Here we have a perfect example of how easy Linux can be if you just keep in mind that, “Everything is a text file”. What the system sees is essentially what the user sees and even though most of the files contained in the ‘/proc’ directory are read-only, you can obtain quite a bit of information from them. If you are new to Linux, one of the first things I would recommend is that the user uses the ‘cat’ command to view the files located in the ‘/proc’ directory. You cant hurt anything by just looking and you will get a better idea of what the system sees by exploring. That is part of the fun of Linux; you, as the user, has complete freedom to explore the system!

Using SMART to test a hard drive.

SMART stands for Self-Monitoring, Analysis and Reporting Technology and is available on most mechanical disks that are sold today. Using SMART to test the ‘health’ of a disk consists of two steps:

1 – Run a SMART test to get an initial report.

2 – Run a second SMART report.

In this article I will briefly  go over how to use the smartctl Linux utility that is included in the smartmontools  package.

If you are using Ubuntu you can get the smartmontools package by entering the following command:

sudo apt-get install smartmontools

Before testing the drive, make sure that SMART is enabled on the disk with the following command:

sudo smartctl -i /dev/<drive> | grep "SMART support"

After you have verified that SMART is indeed enabled on the drive, run a test to get an initial reading:

sudo smartctl --test=short /dev/<drive>

Note: <drive> is used to indicate the desired drive to run the test on.

The ‘short’ test will take approximately 2 mins to run. You should wait the recommended time before proceeding to run the report again. Running the ‘short’ test will give you an initial test to let you know if there are any glaring problems reported by the drives SMART software. If you want to run a more thorough test on the drive, you may want to consider running the test using the ‘long’ value. Even better, if you have a fresh disk or you don’t care about the data on the disk and you need to test it rigorously you should use a utility such as shred to write randomly to the disk before running the second report.

To run the second report run the following command:

sudo smartctl -a /dev/<drive>

If the report indicates that the drive PASSED the test then you can be pretty sure that the drive is healthy.

This has been a brief overview of testing the drive’s capability to pass a SMART test. If you have any questions please feel free to comment on this post and I will respond with clarifications.

What version of a Linux Distro are you using???

There comes a time in every Linux user’s life when they need a refresher as to what version of a Linux distro they are currently running. Fortunately there is a quick and easy utility for pulling the distribution-specific information” called ‘lsb_release‘.

You can look up the manual page for more detailed information (man lsb_release) and a run through of the various switches, but if you simply need the distro name and version number you can use the following command:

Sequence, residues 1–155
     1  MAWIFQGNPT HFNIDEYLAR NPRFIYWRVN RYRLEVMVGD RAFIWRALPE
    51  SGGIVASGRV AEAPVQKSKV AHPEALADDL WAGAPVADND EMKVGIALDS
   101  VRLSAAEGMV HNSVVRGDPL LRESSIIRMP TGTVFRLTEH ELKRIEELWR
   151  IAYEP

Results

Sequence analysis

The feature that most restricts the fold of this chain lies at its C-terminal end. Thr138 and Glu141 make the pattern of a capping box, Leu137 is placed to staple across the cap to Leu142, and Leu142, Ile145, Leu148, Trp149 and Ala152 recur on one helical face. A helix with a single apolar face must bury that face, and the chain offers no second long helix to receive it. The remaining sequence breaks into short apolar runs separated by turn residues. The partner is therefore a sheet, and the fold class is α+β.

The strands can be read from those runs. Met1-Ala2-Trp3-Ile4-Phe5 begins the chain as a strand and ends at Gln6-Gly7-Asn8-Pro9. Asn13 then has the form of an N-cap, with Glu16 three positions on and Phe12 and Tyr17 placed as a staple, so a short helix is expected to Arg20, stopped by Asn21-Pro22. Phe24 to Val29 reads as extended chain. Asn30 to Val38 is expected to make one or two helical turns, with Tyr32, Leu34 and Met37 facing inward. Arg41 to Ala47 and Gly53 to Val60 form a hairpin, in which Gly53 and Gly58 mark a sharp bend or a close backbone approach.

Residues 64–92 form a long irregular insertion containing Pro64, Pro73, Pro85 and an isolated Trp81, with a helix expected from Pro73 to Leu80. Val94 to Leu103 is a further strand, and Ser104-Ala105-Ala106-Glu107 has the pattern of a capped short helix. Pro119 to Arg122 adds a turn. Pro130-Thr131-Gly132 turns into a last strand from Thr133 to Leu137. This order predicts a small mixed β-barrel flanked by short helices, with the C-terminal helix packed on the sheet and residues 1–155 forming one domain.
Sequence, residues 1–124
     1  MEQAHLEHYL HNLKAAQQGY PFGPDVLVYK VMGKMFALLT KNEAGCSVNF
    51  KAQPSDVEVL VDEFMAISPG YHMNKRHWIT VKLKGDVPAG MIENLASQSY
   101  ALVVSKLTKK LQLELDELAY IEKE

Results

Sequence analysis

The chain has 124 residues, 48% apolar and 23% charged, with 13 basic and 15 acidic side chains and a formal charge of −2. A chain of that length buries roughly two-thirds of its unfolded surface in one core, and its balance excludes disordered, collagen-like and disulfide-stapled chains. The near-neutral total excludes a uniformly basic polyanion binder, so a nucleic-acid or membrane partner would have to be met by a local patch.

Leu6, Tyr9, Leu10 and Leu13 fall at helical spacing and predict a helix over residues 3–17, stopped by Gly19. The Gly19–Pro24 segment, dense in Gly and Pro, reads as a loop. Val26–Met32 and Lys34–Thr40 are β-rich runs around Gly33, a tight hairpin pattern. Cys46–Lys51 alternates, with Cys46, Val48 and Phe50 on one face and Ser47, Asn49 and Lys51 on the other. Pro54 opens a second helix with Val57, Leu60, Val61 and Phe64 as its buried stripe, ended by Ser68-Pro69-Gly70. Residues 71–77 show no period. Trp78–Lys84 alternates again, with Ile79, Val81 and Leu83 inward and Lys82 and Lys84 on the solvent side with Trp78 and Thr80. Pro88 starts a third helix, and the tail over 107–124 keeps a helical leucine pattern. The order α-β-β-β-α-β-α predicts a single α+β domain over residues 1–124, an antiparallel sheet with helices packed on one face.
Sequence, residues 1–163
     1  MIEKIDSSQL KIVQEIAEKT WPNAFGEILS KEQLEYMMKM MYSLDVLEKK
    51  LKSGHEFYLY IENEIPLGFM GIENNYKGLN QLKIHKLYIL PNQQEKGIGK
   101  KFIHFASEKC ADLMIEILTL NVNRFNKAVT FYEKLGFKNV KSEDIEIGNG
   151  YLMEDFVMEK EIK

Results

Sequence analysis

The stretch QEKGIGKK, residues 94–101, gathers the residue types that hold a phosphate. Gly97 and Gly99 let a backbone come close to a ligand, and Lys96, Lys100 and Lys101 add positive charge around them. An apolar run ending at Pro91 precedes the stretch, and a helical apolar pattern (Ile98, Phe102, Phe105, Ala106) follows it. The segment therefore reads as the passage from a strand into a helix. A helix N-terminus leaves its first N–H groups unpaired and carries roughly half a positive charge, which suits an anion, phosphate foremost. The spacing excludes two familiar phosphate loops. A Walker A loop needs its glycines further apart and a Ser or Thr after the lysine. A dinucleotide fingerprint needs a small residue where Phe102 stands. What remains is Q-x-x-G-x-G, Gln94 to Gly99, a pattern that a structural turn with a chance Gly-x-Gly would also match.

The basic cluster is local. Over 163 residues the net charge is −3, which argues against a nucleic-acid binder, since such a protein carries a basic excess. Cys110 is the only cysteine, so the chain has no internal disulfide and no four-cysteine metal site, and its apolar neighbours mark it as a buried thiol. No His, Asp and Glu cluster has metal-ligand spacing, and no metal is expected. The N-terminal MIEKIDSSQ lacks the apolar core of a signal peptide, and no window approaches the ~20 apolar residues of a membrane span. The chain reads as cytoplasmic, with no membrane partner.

lsb_release -d

..and you should receive something similar to this:

Description: Ubuntu 12.04.2 LTS

Another useful use of this utility is to grab the “codename” of the distro you are running. This can be especially handy when running Ubuntu as they use a random word based on a particular letter of the alphabet.
In order to pull this info using the lsb_release utility enter:

lsb_release -c

…and receive the codename of your distro:

Codename: precise

Stay tuned for more command line utilities that help with everyday tasks! I will be categorizing them all under the category ‘Linux Commands’ for easy reference. If you have any requests or suggestions, be sure to comment and I will create articles based on those suggestions.

BackupPC Installation Walk-through – Introduction

BackupPC is a great piece of software that does what is sets out to do and does it well. Its goal is to provide a complete, enterprise level backup solution that is built on open software and it is truly a great piece of software that demonstrates how, by combining common Linux utilities, you can create a wonderful end product. Unfortunately it is often overlooked in favor of paid software suites that are bloated and often times overkill for the (what should be simple) job of backing up files.

One thing to keep in mind is what exactly a backup solution should offer. It is not enough to simply make a copy of the files you want to protect to some media. A true backup solution is one that maintains incremental changes in such a way that a certain file from a desired time frame is readily available for restore.

Most businesses are seriously in the dark ages when it comes to backups. Many are still using tape backups, even when hard drive capacity is going up and prices are coming down at alarming rates. Multiple terabytes of storage on a single medium was unheard of only years ago and the fact that you can now get 3TB+ disks for relatively cheap should be an indication that hard drive backups are the way to go. This is where BackupPC excels, although it is fully capable of performing backups to old fashioned tape drives as well.

In the following series of blog posts I am going to demonstrate, step by step, exactly how I setup a complete backup system for a client using sub $700 dollars worth of hardware and absolutely no money on OS and BackupPC (although donations to products and tools that help you get things done is always encouraged 😉 Upon completion my goal is to provide you with a step-by-step guide to setting up your own backup infrastructure that can be duplicated time and time again whether it be for a business client or for personal use (the netbook I am writing this on runs BackupPC to backup files to a MicroSD card).